Abstract: We generated 145,827 sequence reads from 20 cDNA libraries using the Sanger method. Unexploitable chromatograms and quality checking lead us to eliminate 19,941 sequences. Finally a total of 125,925 ESTs were retained from 111,361 cDNA clones. Pyrosequencing was also conducted for 14 libraries, generating 1,948,579 reads, from which 370,566 sequences (19.0%) were eliminated, resulting in 1,578,192 sequences. Following clustering and assembly using TGICL pipeline, 1,704,117 EST sequences collapsed into 69,154 tentative contigs and 153,517 singletons, providing 222,671 non-redundant sequences (including alternative transcripts). We also assembled the sequences using MIRA and PartiGene software and compared the three unigene sets. Gene ontology annotation was then assigned to 29,303 unigene elements. Blast search against the SWISS-PROT database revealed putative homologs for 32,810 (14.7%) unigene elements, but more extensive search with Pfam, Refseq_protein, Refseq_RNA and eight gene indices revealed homology for 67.4% of them. The EST catalogue was examined for putative homologs of candidate genes involved in bud phenology, cuticle formation, phenylpropanoids biosynthesis and cell wall formation. Our results suggest a good coverage of genes involved in these traits. Comparative orthologous sequences (COS) with other plant gene models were identified and allow to unravel the oak paleo-history. Simple sequence repeats (SSRs) and single nucleotide polymorphisms (SNPs) were searched, resulting in 52,834 SSRs and 36,411 SNPs. All of these are available through the Oak Contig Browser http://genotoul-contigbrowser.toulouse.inra.fr:9092/Quercus_robur/index.html webcite.This genomic resource provides a unique tool to discover genes of interest, study the oak transcriptome, and develop new markers to investigate functional diversity in natural populations.The distribution of adaptive genetic variation has become of upmost importance in domesticated and wild tree species for th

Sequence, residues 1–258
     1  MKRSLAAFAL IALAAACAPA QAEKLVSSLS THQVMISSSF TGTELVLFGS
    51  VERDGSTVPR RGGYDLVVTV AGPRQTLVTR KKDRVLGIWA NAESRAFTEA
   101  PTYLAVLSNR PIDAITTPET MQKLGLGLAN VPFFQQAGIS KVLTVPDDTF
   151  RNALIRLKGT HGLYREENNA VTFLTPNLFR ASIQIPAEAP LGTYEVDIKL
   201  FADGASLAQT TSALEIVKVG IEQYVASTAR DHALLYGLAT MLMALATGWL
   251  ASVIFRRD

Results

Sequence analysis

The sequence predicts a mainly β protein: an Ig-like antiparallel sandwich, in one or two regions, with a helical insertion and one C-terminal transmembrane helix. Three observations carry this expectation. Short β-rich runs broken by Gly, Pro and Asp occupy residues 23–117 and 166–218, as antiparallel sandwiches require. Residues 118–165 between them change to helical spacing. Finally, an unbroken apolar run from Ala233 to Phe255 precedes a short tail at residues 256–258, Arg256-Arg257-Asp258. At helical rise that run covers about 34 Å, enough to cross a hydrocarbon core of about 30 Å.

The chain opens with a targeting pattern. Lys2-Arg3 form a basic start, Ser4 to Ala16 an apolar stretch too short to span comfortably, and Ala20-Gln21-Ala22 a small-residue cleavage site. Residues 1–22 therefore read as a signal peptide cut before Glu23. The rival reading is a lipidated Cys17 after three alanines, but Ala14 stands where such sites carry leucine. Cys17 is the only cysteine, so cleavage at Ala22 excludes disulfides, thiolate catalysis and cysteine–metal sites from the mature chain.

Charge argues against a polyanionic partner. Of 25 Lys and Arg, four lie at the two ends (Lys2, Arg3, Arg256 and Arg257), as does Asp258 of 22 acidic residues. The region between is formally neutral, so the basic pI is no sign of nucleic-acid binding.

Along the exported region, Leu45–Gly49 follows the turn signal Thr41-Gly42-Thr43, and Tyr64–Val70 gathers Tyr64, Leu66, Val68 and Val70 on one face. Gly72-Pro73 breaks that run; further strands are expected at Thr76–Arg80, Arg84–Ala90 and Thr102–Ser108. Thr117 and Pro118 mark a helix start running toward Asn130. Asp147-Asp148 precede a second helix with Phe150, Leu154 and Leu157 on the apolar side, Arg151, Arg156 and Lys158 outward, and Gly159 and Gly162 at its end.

On the nature of keystone species  [cached]
Jerome Vanclay
Ecology and Society , 1999,